Responsible Conduct of Research

MIT expects that all researchers at MIT carry out their work according to the highest ethical and professional standards. The responsible and ethical conduct of research (RCR) is critical for excellence in science and engineering, as well as maintaining the public's trust. Responsible Conduct of Research Training is a framework for imparting these standards, and a critical component of scholarly and career development.

MIT has selected the CITI course in the Responsible Conduct of Research (RCR) to provide a basic course in RCR. We encourage everyone in the MIT community to take this training. This training will require your MIT certificate, so that your training can be linked to the MIT Enterprise Learning system.

NSF Requirements

As part of the America Creating Opportunities to Meaningfully Promote Excellence in
Technology, Education, and Science (COMPETES) Act, the National Science Foundation introduced a new requirement for educating all undergraduate, graduate and postdoctoral researchers being supported by NSF awards.

MIT Policy

All MIT undergraduate students, graduate students and postdoctoral researchers paid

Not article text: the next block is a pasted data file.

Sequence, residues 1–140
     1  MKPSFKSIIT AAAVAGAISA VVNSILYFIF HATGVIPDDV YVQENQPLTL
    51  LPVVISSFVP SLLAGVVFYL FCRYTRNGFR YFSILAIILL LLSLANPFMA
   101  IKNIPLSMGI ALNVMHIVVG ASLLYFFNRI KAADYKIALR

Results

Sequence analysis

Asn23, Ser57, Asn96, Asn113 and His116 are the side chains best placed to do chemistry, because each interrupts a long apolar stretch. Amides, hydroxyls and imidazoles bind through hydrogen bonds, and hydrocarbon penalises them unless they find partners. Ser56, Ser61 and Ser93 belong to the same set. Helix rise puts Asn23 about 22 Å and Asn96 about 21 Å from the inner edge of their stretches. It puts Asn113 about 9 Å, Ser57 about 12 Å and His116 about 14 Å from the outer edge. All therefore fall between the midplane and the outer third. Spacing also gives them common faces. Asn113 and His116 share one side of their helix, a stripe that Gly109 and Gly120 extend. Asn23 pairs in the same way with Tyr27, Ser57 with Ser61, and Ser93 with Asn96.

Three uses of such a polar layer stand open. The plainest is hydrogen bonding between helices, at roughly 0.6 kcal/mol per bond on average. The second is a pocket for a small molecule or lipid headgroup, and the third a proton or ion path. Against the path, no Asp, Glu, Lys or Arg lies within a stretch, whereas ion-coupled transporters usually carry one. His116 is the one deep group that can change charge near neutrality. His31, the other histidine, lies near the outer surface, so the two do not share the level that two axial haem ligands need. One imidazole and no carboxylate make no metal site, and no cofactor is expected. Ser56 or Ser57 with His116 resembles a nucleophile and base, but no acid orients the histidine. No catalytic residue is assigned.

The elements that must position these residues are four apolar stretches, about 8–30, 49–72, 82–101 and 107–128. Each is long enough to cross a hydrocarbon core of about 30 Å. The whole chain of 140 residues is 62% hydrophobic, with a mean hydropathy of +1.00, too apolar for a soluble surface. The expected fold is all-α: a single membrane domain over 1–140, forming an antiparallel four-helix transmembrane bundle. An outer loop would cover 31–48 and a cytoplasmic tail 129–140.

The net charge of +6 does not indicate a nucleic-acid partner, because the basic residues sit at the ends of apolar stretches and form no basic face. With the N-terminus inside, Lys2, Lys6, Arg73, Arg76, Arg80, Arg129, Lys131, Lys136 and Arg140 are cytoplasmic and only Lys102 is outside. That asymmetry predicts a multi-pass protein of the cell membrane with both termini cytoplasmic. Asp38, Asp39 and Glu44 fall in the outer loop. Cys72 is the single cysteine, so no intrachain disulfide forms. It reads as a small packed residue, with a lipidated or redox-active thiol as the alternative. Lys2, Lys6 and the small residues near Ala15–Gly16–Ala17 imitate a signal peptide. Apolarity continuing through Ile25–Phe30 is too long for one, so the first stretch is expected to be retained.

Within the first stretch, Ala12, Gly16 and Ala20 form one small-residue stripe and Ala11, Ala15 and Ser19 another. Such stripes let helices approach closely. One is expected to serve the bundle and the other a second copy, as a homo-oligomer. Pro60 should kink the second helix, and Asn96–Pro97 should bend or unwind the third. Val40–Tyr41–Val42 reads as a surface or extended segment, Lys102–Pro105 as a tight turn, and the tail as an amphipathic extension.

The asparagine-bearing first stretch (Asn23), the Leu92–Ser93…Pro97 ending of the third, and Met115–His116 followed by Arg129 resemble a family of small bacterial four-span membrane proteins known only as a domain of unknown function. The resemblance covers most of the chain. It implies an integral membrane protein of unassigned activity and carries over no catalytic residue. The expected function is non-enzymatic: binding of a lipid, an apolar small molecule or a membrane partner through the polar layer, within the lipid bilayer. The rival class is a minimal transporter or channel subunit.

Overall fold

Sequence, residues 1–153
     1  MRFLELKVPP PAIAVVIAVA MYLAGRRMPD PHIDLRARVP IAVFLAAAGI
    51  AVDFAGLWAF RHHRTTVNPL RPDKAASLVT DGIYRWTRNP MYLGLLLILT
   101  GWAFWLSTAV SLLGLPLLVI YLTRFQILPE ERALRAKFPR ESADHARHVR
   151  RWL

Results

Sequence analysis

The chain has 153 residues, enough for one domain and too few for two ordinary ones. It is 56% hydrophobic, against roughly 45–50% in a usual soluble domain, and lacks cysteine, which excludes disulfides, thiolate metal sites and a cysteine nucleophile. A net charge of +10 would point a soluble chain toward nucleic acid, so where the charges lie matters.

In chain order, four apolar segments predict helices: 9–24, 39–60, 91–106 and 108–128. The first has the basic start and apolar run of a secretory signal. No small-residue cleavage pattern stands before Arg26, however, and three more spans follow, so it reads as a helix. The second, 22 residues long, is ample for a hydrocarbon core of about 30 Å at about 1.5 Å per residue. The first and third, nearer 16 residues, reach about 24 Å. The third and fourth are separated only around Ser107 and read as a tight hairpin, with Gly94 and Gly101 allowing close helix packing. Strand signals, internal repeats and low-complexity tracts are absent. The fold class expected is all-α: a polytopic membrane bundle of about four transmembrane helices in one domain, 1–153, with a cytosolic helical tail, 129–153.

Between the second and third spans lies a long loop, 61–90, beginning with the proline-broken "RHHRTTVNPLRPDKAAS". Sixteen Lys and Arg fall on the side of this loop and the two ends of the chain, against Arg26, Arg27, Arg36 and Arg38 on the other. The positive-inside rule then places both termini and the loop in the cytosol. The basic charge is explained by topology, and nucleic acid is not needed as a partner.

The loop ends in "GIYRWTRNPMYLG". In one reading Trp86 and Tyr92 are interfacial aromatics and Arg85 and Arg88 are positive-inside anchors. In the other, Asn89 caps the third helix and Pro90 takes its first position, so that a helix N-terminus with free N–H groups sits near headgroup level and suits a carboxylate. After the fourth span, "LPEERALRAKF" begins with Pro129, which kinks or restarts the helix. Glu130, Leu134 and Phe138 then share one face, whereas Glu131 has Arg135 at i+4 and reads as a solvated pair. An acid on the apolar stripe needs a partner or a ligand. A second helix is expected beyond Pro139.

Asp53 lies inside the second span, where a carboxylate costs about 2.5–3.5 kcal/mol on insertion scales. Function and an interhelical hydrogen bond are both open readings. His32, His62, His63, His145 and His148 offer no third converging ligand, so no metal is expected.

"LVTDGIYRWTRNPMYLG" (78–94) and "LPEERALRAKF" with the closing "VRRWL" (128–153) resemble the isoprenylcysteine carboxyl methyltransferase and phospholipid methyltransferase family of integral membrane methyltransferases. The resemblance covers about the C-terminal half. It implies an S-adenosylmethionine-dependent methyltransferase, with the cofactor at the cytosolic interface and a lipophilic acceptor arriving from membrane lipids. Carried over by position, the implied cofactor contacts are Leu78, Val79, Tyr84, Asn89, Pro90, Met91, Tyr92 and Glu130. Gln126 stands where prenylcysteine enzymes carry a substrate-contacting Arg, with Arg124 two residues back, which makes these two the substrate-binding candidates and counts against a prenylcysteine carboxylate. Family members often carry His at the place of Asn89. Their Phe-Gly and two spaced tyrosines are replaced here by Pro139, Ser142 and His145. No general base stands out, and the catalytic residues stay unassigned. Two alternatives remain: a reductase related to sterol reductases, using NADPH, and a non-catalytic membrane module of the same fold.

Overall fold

by NSF research awards subject to the America COMPETES Act MUST complete this training no more than sixty days after salaries are charged to the account. Salary costs for individuals who have not completed the required training within 60 days are unallowable and will be removed from the account.

Valuable Training

Christine Ortiz, Dean for Graduate Education, sent a letter to all graduate students on September 16, 2011 entitled "Responsible Conduct of Research (RCR) Training and Academic Integrity Standards at MIT." This letter highlighted the quality of the RCR training MIT has selected. Read her entire letter.

Basic RCR Course Curriculum

The basic RCR course includes the following topics:

  • Introduction to the Responsible Conduct of Research
  • Research Misconduct
  • Data Acquisition and Management
  • Responsible Authorship
  • Peer Review
  • Mentoring
  • Conflicts of Interest
  • Collaborative Research

Individuals planning to take the training will be asked to identify the area most appropriate to their work. Questions regarding the correct area of training should be addressed to the individual's supervisor.

MIT trainees will be asked to select an RCR module that has been customized according to discipline:

  • Biomedical Sciences
  • Social and Behavioral Sciences
  • Physcial Sciences
  • Humanities
  • Engineering
  • Administration